When he was 5 years old, Andre Kostelanetz elbowed his way through the crowd to the bandstand where a concert was underway in a park in his native Russia.
He began imitating the conductor, who noticed him and stopped. Young Kostelanetz kept waving his arms, however, and the band kept playing.
So began the career of the man who would serve as a guest conductor of virtually every major orchestra in the world before his death in 1980.
Kostelanetz popularized classical and "middlebrow" American music for the masses as no one else before had — from the podium, over the radio and on records.
He conducted more than 100 performances of the Los Angeles Philharmonic and his lush recordings sold more than 52 million copies — a record for any conductor.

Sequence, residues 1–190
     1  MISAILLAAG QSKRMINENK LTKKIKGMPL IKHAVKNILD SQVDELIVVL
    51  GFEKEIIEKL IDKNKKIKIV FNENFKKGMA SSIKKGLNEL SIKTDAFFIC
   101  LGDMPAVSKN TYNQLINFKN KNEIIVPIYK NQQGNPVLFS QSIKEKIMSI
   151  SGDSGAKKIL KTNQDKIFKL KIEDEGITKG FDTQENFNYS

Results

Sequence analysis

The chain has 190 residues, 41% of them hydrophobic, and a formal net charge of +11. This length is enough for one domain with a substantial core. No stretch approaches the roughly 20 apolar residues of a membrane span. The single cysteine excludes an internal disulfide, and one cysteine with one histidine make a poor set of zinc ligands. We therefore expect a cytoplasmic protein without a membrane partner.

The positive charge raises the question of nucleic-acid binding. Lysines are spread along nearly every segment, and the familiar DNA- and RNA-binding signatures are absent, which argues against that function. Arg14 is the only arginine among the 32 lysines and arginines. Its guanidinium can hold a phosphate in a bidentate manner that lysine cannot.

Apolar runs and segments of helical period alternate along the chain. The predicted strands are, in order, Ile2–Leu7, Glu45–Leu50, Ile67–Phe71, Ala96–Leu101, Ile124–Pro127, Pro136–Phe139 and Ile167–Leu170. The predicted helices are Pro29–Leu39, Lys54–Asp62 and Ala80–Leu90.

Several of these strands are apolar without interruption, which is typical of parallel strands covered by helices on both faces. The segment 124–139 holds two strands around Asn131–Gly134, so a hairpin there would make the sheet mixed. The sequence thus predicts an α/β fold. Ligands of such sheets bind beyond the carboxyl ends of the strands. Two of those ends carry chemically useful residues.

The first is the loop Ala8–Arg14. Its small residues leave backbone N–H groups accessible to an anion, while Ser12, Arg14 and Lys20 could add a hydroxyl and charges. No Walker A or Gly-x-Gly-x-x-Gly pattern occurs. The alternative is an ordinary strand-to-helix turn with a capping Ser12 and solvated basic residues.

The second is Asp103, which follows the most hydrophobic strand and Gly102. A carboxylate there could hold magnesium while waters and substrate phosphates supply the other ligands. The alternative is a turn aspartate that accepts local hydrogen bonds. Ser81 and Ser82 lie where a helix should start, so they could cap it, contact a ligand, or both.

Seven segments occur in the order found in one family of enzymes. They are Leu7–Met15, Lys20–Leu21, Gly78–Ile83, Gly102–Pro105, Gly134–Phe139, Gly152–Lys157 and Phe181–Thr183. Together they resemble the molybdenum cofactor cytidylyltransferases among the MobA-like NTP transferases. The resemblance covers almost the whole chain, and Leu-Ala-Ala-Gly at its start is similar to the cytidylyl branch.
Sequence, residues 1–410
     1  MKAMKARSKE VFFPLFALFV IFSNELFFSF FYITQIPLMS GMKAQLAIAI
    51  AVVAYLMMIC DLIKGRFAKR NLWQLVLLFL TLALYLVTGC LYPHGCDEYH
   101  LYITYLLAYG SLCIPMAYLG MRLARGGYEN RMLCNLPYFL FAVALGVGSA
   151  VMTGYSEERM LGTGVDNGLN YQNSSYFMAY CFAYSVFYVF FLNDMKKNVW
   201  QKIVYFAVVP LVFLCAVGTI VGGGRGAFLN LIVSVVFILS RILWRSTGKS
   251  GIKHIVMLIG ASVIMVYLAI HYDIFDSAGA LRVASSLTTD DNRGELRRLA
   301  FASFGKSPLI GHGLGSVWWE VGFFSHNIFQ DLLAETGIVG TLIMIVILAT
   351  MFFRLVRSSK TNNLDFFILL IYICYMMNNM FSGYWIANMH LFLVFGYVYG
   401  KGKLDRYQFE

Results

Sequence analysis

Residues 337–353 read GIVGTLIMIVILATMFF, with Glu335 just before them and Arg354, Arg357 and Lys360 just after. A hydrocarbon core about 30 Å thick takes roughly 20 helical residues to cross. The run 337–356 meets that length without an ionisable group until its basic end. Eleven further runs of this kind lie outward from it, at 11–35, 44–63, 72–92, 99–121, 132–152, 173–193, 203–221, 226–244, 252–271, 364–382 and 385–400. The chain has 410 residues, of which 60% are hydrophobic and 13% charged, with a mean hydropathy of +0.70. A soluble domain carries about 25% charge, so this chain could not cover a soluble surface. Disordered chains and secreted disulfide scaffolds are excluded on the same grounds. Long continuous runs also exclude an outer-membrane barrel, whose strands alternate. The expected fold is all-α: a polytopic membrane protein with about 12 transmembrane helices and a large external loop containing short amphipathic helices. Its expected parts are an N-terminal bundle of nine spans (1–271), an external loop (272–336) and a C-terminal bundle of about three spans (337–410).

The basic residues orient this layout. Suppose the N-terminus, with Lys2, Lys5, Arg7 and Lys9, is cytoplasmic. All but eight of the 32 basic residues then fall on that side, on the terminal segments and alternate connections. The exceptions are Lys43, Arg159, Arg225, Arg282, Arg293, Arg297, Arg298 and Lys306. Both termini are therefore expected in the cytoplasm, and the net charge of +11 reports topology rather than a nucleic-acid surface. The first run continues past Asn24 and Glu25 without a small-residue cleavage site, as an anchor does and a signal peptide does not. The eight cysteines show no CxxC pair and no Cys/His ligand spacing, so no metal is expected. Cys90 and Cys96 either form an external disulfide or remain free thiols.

Known for a precise conducting style that avoided flamboyant gestures, Kostelanetz shrugged off detractors in the music world who belittled his taste.
"If I can leave an inheritance of a growing audience for the concert hall, I have accomplished everything," he declared. "All the rest are second-class accomplishments."